Definition of Legal and Illegal Substances and the Differences between Themngocthanh
Drugs are chemicals known to alter the functioning of a body. People take them when they are sick and when the doctor prescribes these drugs. Medications are legal if taken in the right dose and prescribed by doctors. However, drug abuse is considered illegal. People commit an illegal act when they sell or buy, possess and use drugs that are prohibited in a country. Tobacco and alcohol are two legal drugs in most countries, although a person under the age of 18 who buys tobacco and a person under the age of 21 who buys alcohol are considered illegal in the United States. www.verywellmind.com/health-effects-of-illegal-drugs-67033 Some legal drugs, such as alcohol, nicotine and cannabis, are readily available, as shown in the images above. Some drugs may be illegal, but not prohibited. Other substances could be legal, but are considered just as addictive as some banned substances because they are controlled and regulated.
And some drugs might be legal, but are considered illegal if taken in a higher dose than prescribed. Controlled substances, on the other hand, may have addictive potential. These types of medications can be obtained over-the-counter, over-the-counter, or illegally. It depends on the substance. • Legal drugs have side effects that we know, while illegal drugs are unknown amounts that are subjective effects. Whenever we think or hear the term illegal drugs, images of marijuana, charas, LSD, and other psychotic and hallucinogenic people come to mind. Cocaine, heroin, cannabis, etc. are some of the popularly known illegal drugs.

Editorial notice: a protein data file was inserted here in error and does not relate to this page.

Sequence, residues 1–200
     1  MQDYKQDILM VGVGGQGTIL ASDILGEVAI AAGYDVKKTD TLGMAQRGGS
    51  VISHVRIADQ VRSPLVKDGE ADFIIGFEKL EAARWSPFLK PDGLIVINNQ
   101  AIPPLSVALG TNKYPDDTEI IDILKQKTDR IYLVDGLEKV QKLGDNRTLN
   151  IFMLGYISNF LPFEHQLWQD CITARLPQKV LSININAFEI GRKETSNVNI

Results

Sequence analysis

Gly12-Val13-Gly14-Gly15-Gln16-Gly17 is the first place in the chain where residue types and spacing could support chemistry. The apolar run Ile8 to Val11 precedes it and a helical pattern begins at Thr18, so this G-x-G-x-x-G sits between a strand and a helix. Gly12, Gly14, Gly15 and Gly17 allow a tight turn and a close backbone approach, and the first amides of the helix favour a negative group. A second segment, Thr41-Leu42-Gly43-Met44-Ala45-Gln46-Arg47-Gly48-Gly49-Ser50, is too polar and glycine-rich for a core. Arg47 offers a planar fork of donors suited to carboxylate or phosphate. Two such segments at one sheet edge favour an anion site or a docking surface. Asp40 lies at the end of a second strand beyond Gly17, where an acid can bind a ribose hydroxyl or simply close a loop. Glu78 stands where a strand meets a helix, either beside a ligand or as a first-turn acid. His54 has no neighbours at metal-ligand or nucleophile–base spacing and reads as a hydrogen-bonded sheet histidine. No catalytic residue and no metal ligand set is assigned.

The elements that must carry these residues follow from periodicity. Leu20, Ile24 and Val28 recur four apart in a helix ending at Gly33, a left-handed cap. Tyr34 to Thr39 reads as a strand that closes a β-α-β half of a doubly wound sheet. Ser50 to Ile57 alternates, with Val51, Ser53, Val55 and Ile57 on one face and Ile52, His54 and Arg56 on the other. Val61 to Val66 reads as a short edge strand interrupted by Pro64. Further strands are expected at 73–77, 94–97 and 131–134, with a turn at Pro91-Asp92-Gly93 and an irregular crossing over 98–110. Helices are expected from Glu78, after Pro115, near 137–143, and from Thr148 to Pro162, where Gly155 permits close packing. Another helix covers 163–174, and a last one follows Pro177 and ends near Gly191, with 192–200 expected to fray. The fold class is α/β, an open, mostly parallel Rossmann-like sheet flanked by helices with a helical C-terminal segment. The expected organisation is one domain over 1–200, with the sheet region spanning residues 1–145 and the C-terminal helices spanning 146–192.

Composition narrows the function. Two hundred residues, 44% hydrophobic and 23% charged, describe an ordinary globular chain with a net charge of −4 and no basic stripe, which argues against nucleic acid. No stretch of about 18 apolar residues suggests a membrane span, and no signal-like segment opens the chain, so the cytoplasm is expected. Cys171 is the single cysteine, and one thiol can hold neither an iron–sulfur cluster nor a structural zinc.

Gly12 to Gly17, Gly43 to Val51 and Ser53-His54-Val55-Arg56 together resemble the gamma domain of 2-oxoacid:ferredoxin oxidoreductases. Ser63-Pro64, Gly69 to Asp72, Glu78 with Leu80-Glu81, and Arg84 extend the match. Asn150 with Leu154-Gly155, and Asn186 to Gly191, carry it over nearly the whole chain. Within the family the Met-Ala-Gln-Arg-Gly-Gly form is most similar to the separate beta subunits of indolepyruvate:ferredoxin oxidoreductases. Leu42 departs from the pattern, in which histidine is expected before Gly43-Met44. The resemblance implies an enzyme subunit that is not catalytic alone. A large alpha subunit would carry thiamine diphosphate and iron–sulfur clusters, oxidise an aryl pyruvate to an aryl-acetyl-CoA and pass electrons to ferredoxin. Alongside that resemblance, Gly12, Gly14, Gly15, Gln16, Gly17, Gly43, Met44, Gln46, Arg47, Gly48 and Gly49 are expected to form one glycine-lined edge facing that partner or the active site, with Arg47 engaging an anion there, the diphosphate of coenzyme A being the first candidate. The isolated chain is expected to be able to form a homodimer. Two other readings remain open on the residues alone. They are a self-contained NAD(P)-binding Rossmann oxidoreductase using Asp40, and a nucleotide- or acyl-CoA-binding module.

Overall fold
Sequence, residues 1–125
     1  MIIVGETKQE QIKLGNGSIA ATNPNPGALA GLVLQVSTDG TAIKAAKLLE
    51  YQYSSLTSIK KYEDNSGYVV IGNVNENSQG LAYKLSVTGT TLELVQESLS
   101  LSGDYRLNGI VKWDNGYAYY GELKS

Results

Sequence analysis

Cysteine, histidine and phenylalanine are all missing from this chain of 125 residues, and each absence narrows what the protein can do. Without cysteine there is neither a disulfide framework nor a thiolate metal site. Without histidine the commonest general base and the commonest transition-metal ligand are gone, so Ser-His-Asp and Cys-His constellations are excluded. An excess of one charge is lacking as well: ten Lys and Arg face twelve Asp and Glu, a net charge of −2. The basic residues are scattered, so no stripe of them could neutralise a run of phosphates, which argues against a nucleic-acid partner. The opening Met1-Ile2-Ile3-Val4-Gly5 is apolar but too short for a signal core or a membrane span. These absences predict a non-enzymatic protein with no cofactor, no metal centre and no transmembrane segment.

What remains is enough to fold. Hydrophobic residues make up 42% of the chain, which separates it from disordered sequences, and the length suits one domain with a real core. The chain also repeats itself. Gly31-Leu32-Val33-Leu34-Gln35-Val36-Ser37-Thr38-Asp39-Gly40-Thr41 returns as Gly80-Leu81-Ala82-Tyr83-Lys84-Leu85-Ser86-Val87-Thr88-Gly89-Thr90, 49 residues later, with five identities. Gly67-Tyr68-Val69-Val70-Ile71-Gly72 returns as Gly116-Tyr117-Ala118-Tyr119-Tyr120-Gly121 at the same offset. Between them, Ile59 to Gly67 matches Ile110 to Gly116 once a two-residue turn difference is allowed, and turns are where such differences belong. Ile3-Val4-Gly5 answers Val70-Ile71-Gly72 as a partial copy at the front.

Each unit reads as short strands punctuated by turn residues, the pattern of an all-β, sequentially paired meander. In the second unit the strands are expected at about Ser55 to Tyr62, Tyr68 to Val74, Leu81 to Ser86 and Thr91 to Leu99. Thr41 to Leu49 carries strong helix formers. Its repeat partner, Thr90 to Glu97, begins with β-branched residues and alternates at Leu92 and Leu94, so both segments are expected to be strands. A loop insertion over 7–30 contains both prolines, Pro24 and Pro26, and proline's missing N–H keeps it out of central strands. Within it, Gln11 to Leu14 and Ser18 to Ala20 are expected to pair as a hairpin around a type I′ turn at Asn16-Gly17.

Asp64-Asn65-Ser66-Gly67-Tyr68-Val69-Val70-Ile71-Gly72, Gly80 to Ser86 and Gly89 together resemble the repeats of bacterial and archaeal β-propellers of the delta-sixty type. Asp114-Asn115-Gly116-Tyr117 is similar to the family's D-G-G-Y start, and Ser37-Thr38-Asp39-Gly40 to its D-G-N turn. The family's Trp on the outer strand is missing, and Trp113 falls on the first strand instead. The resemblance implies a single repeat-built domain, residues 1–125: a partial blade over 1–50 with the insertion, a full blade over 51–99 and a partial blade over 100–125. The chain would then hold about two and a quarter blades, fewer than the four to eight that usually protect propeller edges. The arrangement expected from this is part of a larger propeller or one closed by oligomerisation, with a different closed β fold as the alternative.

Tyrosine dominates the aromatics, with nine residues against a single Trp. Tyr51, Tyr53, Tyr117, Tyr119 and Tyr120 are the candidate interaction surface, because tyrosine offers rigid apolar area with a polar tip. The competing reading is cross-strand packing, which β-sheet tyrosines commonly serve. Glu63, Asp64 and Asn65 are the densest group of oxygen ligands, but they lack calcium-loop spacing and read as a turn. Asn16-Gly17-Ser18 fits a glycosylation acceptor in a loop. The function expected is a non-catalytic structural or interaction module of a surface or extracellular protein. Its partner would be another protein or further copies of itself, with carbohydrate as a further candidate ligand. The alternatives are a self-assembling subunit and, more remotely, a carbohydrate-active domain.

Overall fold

However, legal drug abuse is also considered illegal in many jurisdictions. Illicit or controlled drugs are punished for their use and even possession. There are classes of these drugs with different penalties for different classes of drugs. Therefore, all drugs banned or prohibited by law in a country can be considered illegal. A person found in possession of or trafficking in these drugs will be tried with a possible prison sentence. Illicit drugs are drugs whose possession or use is restricted by a government and which are illegal in certain situations (meaning that a person is not allowed to have them). Not everyone who tries a drug once will develop an addiction, although they play with fire when they use one of these harmful illegal drugs. An individual`s genetic makeup, social environment, family structure, and even personal income play a role in their chances of developing drug addiction. These differences between drugs can be confusing, but the U.S. government has made efforts to classify drugs to clarify the differences between their specific risks and benefits. Stimulants (also known as psychostimulants) are drugs that stimulate the central nervous system and speed up messages between the brain and body. These drugs usually increase energy, heart rate, and appetite.